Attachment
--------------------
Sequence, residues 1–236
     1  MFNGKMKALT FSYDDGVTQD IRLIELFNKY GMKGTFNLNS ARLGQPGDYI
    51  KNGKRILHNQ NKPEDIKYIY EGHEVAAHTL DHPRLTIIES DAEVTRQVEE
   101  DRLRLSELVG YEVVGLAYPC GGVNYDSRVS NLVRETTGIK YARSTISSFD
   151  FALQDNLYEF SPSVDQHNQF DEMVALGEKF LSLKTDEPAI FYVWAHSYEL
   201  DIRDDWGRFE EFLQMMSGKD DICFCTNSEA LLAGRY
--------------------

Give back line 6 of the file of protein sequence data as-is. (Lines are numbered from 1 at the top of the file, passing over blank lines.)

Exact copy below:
   201  DIRDDWGRFE EFLQMMSGKD DICFCTNSEA LLAGRY